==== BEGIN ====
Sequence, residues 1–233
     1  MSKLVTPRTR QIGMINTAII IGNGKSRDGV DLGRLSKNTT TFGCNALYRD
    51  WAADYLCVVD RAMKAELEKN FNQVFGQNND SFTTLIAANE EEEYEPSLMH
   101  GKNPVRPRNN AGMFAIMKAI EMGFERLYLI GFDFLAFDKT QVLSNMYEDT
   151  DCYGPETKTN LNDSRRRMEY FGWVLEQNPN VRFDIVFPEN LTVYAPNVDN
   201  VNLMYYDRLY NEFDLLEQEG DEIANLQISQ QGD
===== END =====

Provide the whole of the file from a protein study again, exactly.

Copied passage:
Sequence, residues 1–233
     1  MSKLVTPRTR QIGMINTAII IGNGKSRDGV DLGRLSKNTT TFGCNALYRD
    51  WAADYLCVVD RAMKAELEKN FNQVFGQNND SFTTLIAANE EEEYEPSLMH
   101  GKNPVRPRNN AGMFAIMKAI EMGFERLYLI GFDFLAFDKT QVLSNMYEDT
   151  DCYGPETKTN LNDSRRRMEY FGWVLEQNPN VRFDIVFPEN LTVYAPNVDN
   201  VNLMYYDRLY NEFDLLEQEG DEIANLQISQ QGD